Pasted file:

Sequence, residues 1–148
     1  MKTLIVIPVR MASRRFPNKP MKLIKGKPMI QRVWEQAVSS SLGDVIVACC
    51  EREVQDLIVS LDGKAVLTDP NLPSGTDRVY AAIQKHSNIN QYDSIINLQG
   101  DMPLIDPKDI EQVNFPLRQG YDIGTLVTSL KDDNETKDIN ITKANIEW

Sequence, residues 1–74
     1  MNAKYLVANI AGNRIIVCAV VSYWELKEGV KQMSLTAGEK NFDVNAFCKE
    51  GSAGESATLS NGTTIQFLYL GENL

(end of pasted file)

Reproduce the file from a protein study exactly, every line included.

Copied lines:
Sequence, residues 1–148
     1  MKTLIVIPVR MASRRFPNKP MKLIKGKPMI QRVWEQAVSS SLGDVIVACC
    51  EREVQDLIVS LDGKAVLTDP NLPSGTDRVY AAIQKHSNIN QYDSIINLQG
   101  DMPLIDPKDI EQVNFPLRQG YDIGTLVTSL KDDNETKDIN ITKANIEW

Sequence, residues 1–74
     1  MNAKYLVANI AGNRIIVCAV VSYWELKEGV KQMSLTAGEK NFDVNAFCKE
    51  GSAGESATLS NGTTIQFLYL GENL